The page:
My Granddad, Woody Higgins

by Danielle Noble from Dongguan in China

When I was little, I looked up to my granddad (both literally and figuratively). I would often stay with him and Nana on school holidays, which are some of my best memories. Granddad would take me on his long daily walks, take me swimming, and tell me tales of giant monster squirrels who roamed the neighborhood. Even back then, I knew that we were birds of a feather who loved to read, and walk, and just be quiet together. However, there was something about Granddad that was different from everybody else I knew, even though I didn't notice it much at first - it was just a part of him. His spine was fused together, and he couldn't turn his head or bend his back at all. His back was always ramrod straight.

I didn't understand this much until I turned nine years old, and suddenly developed a disease called "spondyloarthritis" that caused my knee to swell up to the size of a grapefruit for no reason. It was then I learned that the disease I had was the same as Granddad's. Since scientists believe that spondyloarthritis is caused by a certain gene, it can be passed down to family members, and I just happened to be the one in my family who got it. At first, I was very scared. Even though it wasn't in my back yet, the doctors told me it could spread. I wondered if one day I would be like Granddad, not able to move my spine. I was put on a lot of medicine, and had to go to physical therapy and many doctor's appointments. I didn't like what was happening to me.

But as I watched Granddad, I felt less scared. Granddad never complained about his spine, and he never let it stop him from doing what he loved. He drove in the car to pick me up and take me to his house. He wrote on his computer and read all the books in his office and the ones we got from the library. He played golf and table tennis with Nana and me. He exercised and walked for at least an hour every day. He ate tons of fruit and vegetables to keep himself healthy. When I got older, he took me camping, and we would spend days out in the woods, sleeping in tents and hiking along the mountain trails, unafraid and free. He never let his disease stop him or keep him down, but took care of himself and did what he wanted to do. Watching him helped me conquer my fear. If Granddad could do it, so could I.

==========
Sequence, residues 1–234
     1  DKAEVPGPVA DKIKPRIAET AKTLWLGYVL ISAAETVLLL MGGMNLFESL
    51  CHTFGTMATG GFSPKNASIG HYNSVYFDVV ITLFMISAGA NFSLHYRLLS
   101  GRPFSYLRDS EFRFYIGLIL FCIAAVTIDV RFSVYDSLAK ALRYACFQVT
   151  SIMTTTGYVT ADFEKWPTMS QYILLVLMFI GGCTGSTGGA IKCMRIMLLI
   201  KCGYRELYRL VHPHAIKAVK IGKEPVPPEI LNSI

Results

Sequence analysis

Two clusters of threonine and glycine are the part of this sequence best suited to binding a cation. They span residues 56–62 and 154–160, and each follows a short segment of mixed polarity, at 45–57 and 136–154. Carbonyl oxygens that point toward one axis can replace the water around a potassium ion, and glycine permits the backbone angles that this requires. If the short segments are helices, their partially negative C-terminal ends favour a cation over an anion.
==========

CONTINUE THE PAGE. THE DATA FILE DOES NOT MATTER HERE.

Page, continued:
Even now, I look up to Granddad. The disease is in my spine, and sometimes I get angry or cry because I'm still afraid of what might happen in the future. But then I think of Granddad, my hero, the person I want to be like. I think of him working hard every day to do what he loves, and then I get up and exercise or eat something healthy, and hope that he would be proud of me. It's true that we are birds of a feather in more ways than one, and I hope that one day I can be just like him.

Page created on 6/26/2021 3:42:10 AM

Last edited 6/28/2021 10:38:24 PM

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